Tykes have already signed their two permitted overseas players for the 2007 season in Australia fast bowler Jason Gillespie and Pakistan batsman Younis Khan.
However, under the controversial Kolpak ruling, Yorkshire believe Rudolph, 25, will be classed as a 'home' player and be available for selection when the English season starts in April.
"I am very proud to be a Protea and to represent my country. I will, of course, continue playing domestic cricket with the Gestetner Diamond Eagles as a Kolpak player," middle-order batsman Rudolph said in a statement Tuesday.
"This was not a decision to take lightly, and I discussed the matter fully with (national coach) Mickey Arthur and (convenor of selectors) Haroon Lorgat.
"We have all agreed with my view that this experience would be good for my cricket," the left-hander added.
In 35 Tests Rudolph has scored 2,028 runs including a best of 222 not out on debut against Bangladesh in Chittagong in 2003.
Rudolph made his decision after being overlooked by South Africa in favour of Ashwell Prince and Hashim Amla.
However, Cricket South Africa (CSA) officials believe Rudolph could yet return to international cricket following his spell at Yorkshire.
"CSA has nurtured Jacques's talent since he was a teenager, and we regard him as one of our national assets," said CSA chief executive Gerald Majola.
"However, he is only 25 and the general view is that with this added experience in county conditions he will become a more rounded player.
"We wish him all the best and are confident that he will return as an even better cricketer."
Rudolph's most recent international appearance was against Sri Lanka in August and this could yet cause a problem with his registration.
Under the rules of the England and Wales Cricket Board (ECB), to qualify as a Kolpak signing a player must not have played international cricket or first-class cricket in another country - except as an overseas player - within the 12 months prior to the start of the season.
However, Yorkshire chief executive Stewart Regan said: "The ECB have confirmed they are not able to enforce that, so as long as he has signed the declaration (not to play for South Africa) he is perfectly fine. He has given us an undertaking that he will not seek to play for South Africa while he is under contract with Yorkshire."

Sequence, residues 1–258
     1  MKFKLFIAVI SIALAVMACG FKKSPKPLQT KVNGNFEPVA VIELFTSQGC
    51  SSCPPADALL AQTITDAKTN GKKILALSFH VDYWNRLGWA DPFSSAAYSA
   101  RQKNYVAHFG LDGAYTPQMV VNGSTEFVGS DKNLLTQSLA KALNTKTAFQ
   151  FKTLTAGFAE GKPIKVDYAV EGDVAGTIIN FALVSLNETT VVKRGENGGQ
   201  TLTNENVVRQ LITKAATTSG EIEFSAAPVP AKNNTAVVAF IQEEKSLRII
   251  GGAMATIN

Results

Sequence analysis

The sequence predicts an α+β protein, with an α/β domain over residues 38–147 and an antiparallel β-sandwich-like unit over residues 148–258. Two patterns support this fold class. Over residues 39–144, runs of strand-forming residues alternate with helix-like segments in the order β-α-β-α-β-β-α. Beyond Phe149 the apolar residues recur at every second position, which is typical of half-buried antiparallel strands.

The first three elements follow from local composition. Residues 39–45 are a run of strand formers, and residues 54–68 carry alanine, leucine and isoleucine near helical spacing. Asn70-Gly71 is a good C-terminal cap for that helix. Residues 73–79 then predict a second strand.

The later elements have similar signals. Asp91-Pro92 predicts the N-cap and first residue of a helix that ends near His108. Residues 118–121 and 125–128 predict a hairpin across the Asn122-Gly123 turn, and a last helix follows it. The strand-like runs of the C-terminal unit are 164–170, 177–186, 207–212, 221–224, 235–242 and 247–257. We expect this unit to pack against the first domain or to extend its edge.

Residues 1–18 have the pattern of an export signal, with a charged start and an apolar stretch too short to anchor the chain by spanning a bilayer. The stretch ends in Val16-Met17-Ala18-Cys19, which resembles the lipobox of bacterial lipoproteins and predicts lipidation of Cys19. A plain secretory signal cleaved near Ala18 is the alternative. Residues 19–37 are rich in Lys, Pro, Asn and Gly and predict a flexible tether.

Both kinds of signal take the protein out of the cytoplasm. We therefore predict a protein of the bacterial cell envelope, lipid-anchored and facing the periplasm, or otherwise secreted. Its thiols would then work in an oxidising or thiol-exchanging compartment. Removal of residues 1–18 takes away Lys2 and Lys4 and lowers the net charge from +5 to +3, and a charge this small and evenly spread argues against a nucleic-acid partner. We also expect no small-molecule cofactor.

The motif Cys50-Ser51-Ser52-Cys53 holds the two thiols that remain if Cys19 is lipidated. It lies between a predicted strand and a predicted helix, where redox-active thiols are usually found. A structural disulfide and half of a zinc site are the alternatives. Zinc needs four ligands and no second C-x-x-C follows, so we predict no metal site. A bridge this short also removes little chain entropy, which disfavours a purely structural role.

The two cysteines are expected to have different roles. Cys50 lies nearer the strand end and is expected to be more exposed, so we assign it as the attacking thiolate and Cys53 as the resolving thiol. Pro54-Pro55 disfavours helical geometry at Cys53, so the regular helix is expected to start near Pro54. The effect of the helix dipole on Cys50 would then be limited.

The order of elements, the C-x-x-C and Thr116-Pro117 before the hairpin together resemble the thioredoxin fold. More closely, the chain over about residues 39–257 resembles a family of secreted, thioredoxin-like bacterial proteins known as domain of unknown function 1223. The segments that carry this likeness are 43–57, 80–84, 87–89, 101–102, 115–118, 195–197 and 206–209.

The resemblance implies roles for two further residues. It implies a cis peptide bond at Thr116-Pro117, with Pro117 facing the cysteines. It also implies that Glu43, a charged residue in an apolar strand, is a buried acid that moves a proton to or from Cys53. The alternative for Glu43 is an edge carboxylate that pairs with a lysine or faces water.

Rudolph's signing comes after some difficult moments in the off-season at Headingley.
Yorkshire suffered the embarrassment of seeing Chris Adams accept and then reject an offer to become their skipper and cricket chief, the former England batsman eventually opting to stay with county champions Sussex.
And home-grown ex-England batsman Anthony McGrath recently walked out of Headingley even though he had three years left on his contract and had been offered the county's captaincy after Adams's U-turn.
The Kolpak ruling was handed down by the European Court of Justice in 2004. In cricketing terms it means a player who is a national of a country which has an association agreement with the European Union, such as South Africa, and is in possession of a valid UK work permit, is treated as if he were a British or other European citizen and can therefore qualify as a domestic player for county cricket.
Yorkshire were the last English county to insist on selecting players born solely within their own boundaries, a policy that was only formally abandoned in 1992 when India's Sachin Tendulkar arrived at Headingley.
Rudolph's decision to put the county ahead of international commitments is not unprecedented.
During the mid-1970s legendary Yorkshire opening batsman Geoff Boycott opted out of England duty for three years after being overlooked for the captaincy of his country.
Yorkshire finished sixth out of nine teams in the first division of the County Championship last season, narrowly avoiding relegation.